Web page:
Academic journal article Washington and Lee Law Review

A Tribute to Walter E. Hoffman

Academic journal article Washington and Lee Law Review

A Tribute to Walter E. Hoffman

Article excerpt

These remarks dwell on the judicial career of my mentor and good friend, Walter E Hoffman. He was a superb human being and, in my judgment, the finest judge who ever graced the federal bench. He was known as "Beef Hoffman."

He made his mark on every side of community service - in the United Fund, as president of the YMCA, as a leader of the Salvation Army, as a trustee of Randolph-Macon College, as a lay leader of the United Methodist Church, as a director of the Virginia United Methodist Children's Home - but I leave his community medals to another day, another pen.

Upon his induction as a United States District Court Judge in September 1954, Walter Edward Hoffman left a prospering practice as a very successful trial attorney and began an illustrious 42-year career on the federal bench.

I sat on the same bench with him from 1967 forward - 29 years. I know of no district judge who can even approach his contributions to the federal judicial system. To be sure, even before his appointment as judge in 1954, he had experience with the intricacies of federal practice. He had served in a part-time capacity as referee in bankruptcy and still maintained an active trial practice in the district court. He had served part-time as an adjunct professor at the law school at the College of William and Mary for most of the 1930s, teaching courses in federal procedure and admiralty.

He was keenly aware, and so stated in his many written opinions, that the law as the legislative work of Congress and as interpreted by the superior federal courts was to be zealously followed. He believed that due process was to be the top demand on every individual judge. This was a charge he understood and preached with enthusiasm even when it required extra days and long hours. He frequently held court on Saturdays and did not rule out sessions on Sundays and holidays. Holding court until midnight to complete a complex trial was not uncommon. As a matter of fact, in his daily schedule he rarely left the courthouse before seven o'clock in the evening. He returned to his office on Saturday afternoons following his routine golf round which began with a 7:00 A.M. tee time, specifically designed to accommodate his office workload. In his exhaustive industriousness, he was held in awe by every attorney who came in contact with him.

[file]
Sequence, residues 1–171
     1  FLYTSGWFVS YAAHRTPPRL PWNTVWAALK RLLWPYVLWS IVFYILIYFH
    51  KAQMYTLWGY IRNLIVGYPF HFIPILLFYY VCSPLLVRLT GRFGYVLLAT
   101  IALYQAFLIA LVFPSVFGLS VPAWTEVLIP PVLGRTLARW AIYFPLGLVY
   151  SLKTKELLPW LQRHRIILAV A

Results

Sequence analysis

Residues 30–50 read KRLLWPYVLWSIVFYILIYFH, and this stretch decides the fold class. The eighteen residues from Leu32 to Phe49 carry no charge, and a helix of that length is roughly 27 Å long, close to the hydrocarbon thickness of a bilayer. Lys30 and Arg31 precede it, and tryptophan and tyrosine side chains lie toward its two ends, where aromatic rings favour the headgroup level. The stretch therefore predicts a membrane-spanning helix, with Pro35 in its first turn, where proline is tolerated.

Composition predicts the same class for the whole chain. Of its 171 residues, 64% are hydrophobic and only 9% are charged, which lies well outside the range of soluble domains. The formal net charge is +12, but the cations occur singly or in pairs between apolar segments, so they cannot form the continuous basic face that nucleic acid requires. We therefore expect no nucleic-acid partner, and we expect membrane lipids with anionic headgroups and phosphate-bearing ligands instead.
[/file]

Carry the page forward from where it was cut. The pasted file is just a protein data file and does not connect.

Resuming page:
He firmly believed that litigants filed civil suits because they thought they had an entitlement and that it was the duty of the court to sustain their claims if warranted. On the other hand, he recognized that a civil defendant was just as entitled to be absolved of the burden of the claim if he was not responsible for it. Out of this philosophy came Judge Hoffman's invention of the "rocket docket." He instituted a plan that kept his docket moving by getting cases settled or tried. The "rocket docket" follows a strict procedure. Suits filed are immediately reviewed by a judge, a discovery procedure is set up to be completed within 60 to 90 days, a final pretrial conference is scheduled and attended by the attorneys who will actually try the case, and a trial is commenced within six months. No continuances are to be considered except in very unusual cases. The Eastern District of Virginia has led the nation for many years in the important statistic of elapsed time between filing and trial. Judge Hoffman introduced the system 35 years ago, and the court rigidly adheres to it.

He planned and followed a strict work ethic which he adopted in the mid1920s while putting himself through college and law school as an assistant football coach at the College of William and Mary and at Washington and Lee University. To sustain himself and his family in his early law practice, he worked as a football referee and served as such all over the South. He officiated in more than 100 major college football games, including several bowl games such as the Sugar Bowl at New Orleans. It was a diversion he greatly enjoyed. …

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